In the following discussion, an exemplary environment is first described which is operable to utilize the variable-rate scrolling techniques. Exemplary procedures are then described which may be employed in the exemplary environment, as well as in other environments.

Exemplary Environment

FIG. 1 is an illustration of a system 100 in an exemplary implementation which is operable to employ variable-rate scrolling techniques. The system 100 is illustrated as including a scrolling module 102 which is executable to provide a varied-rate scrolling output 104 of a plurality of media items 106(n), where “n” can be any integer from one to “N”. The media items 104(n) may be configured in a variety of ways. For example, the media items 104(n) may be stored locally on a client, obtained remotely over a network, may be configured as representations of other media items (e.g., an electronic program guide), and so on. Further discussion of media items may be found in relation to FIGS. 2 and 4.

In an implementation, the scrolling module 102 is executable to vary an amount of time utilized to output one or more of the plurality of media items 106(n) for display. The scrolling module 102, for instance, may deliberately and algorithmically vary a rate, at which, a display of the media items 106(n) is changed given a constant user input. For example, in a television environment, the user can hold down the “channel plus” (CH+) button and the client (e.g., a set-top box), through execution of the scrolling module 102, may display the channels at a varied rate, one to another. For instance, the channels in a first grouping (e.g., such as channels 300-399 for movie channels) may be displayed at a rate that is different than channel in another grouping, e.g., channels from 200-299 for sports-related channels.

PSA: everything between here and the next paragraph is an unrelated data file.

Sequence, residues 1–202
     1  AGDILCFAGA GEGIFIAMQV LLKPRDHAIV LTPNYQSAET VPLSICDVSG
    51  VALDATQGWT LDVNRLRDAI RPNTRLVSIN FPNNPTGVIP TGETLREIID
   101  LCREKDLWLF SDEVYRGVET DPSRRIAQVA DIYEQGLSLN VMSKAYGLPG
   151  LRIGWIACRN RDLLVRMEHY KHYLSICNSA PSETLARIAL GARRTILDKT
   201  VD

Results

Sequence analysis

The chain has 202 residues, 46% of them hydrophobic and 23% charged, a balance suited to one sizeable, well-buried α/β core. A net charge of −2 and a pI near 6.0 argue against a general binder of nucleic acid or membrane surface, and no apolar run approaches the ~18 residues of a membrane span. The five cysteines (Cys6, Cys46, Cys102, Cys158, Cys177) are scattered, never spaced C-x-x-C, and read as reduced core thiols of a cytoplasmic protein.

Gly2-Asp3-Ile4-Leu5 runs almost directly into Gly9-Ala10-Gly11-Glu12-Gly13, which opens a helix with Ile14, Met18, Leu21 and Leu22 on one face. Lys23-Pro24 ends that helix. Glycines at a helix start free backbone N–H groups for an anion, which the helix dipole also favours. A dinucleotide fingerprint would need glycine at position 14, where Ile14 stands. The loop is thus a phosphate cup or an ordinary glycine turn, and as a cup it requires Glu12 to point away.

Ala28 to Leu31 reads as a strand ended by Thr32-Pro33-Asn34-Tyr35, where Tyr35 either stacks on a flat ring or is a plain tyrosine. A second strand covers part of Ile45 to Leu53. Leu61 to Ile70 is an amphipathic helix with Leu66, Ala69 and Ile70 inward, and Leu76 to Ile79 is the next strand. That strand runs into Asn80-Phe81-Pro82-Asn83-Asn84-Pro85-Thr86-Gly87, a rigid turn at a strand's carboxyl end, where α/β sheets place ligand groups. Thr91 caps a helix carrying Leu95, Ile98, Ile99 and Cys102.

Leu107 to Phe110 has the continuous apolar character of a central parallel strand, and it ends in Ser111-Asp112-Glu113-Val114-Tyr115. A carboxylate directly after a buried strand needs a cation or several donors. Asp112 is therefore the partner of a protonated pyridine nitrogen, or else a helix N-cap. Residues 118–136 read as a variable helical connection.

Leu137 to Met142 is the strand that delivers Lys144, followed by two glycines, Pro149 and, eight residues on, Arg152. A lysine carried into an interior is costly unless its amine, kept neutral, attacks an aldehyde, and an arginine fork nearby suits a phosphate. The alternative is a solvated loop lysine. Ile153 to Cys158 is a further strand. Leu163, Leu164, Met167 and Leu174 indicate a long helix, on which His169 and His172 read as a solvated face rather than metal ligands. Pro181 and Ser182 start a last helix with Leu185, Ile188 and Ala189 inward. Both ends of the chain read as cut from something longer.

The scrolling module 102 is applicable to a wide variety of other navigation experiences, such as when the user is scrolling through an electronic program guide (EPG), paging through a part-screen preview panel, songs on a digital music player, and so on. The media items 106(n), for instance, may be configured for output on clients implemented as a video system (e.g., configured as a movie, television program, pay-per-view movie, video-on-demand, electronic book, and so on), music system (e.g., configured as a musical album, radio programs, and so on), game system (e.g., configured as a video game), and so forth. Therefore, the pace at which the media items are output (e.g., cells in the EPG, panel shifts between sequential displays of channels, songs output in a “scan” mode, and so on) may be varied in these instances to improve the navigation experience of the user with the plurality of media items 106(n). Thus, the scrolling module 102 may be executed in a variety of environments to provide a varied-rate scrolling output 104 of the plurality of media items 106(n), further discussion of which may be found in relation to FIGS. 3-6.